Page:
Since then, I've seen RoundUp appear, and it looks most promising, though I haven't had a chance to play with it yet.

Comment: Re:don't forget radio... (Score 5, Informative) 336

by David McBride (#26952933) Attached to: Cory Doctorow Calls Death To Music, Movies, Print

You can bash the man if you like, but you'd be more convincing if you laid off the ad hominem attacks and got your facts straight:

This latest is just the gasp of a flunkie, uneducated has-been science fiction author whose work is so spectacularly bad that he had never had a commercially successful work.

On the contrary; his latest novel "Little Brother" made the New York Times Bestseller list (Childrens), reaching the #8 spot after 6 weeks. It's had multiple print runs, been published in both the US and the UK, where they've sold well, and has been nominated for and granted a range of literary awards.

I'd say that qualifies as a commercially successful work by any reasonable definition!

The Courts

+ - Jack Thompson threatens Bill Gates and MS

Submitted by
smitty_srs
smitty_srs writes "Looks like old Jackie hasn't learned his lesson yet. Now he's threatening Bill Gates over Halo 3. [gamealmimghty.com]
From the letter: 'Here's the deal, Mr. Gates: Either Microsoft undertakes dramatic, real steps, through its marketing, wholesale, and retail operations to assure that Halo 3 is not sold, via the Internet and in stores, directly to anyone under 17, or I shall proceed to make sure that Microsoft is held to that standard by appropriate legal means. I have done that before successfully as to Best Buy, and I shall do so again as to Microsoft and all retailers of Halo 3.'
So, the question is: Why go after Microsoft and not retailers as he's done 'successfully' before?"
The Courts

+ - Copyright Misuse Claim Against RIAA Upheld

Submitted by
NewYorkCountryLawyer
NewYorkCountryLawyer writes "The RIAA's attempt to dismiss a "copyright misuse" counterclaim against it has been rejected by Judge Charles L. Brieant, in a White Plains, New York, case, Lava v. Amurao. The counterclaim (pdf) calls for the record labels to forfeit their copyrights on the ground that they "are competitors in the business of recorded music.....[and] are a cartel acting collusively in violation of the antitrust laws and public policy, by litigating and settling all cases similar to this one together, and by entering into an unlawful agreement among themselves to prosecute and to dispose of all cases in an identical manner and through common lawyers..... Such actions represent an attempt....to secure for themselves rights far exceeding those provided by copyright laws......Such acts constitute misuse of copyrights, and lead to a forfeiture of the exclusive rights.....". The judge also upheld (pdf) a counterclaim for declaratory judgment of non-infringement, and granted the motion for leave to file an amicus curiae brief filed by the Electronic Frontier Foundation."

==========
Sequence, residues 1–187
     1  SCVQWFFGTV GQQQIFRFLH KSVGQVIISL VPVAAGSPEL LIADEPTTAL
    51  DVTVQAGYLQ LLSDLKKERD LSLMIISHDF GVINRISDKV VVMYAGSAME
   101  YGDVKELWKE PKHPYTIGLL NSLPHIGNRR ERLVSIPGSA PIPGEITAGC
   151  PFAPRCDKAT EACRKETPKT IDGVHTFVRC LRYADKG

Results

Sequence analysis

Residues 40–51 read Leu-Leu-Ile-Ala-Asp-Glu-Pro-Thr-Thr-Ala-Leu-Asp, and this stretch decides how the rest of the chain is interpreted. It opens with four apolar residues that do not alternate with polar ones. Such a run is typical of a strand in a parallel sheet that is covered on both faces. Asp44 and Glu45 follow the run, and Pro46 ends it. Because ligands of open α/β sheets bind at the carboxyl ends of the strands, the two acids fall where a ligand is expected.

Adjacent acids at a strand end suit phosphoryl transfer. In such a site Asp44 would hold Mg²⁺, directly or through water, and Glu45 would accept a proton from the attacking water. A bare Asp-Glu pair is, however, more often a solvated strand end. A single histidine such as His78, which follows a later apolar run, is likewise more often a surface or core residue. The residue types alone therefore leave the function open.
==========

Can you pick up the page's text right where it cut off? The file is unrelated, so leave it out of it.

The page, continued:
The Internet

+ - U.S. Lobby Groups Criticize the World on Copyright

Submitted by Anonymous Coward
An anonymous reader writes "The International Intellectual Property Alliance — a group that brings together several U.S. lobby groups including the MPAA, RIAA, BSA, the ESA, and publisher groups, has just released its Section 301 recommendations, criticizing 60 countries for their copyright laws. While the report leads to dire media coverage, Michael Geist has just debunked the lobby campaign demonstrating how "the U.S. approach is quite clearly one of 'do what I say, not what I do' (fair use is good for the U.S., but no one else), criticizing country after country for not enacting a DMCA, and blasting national attempts to improve education or culture though exceptions or funding programs.""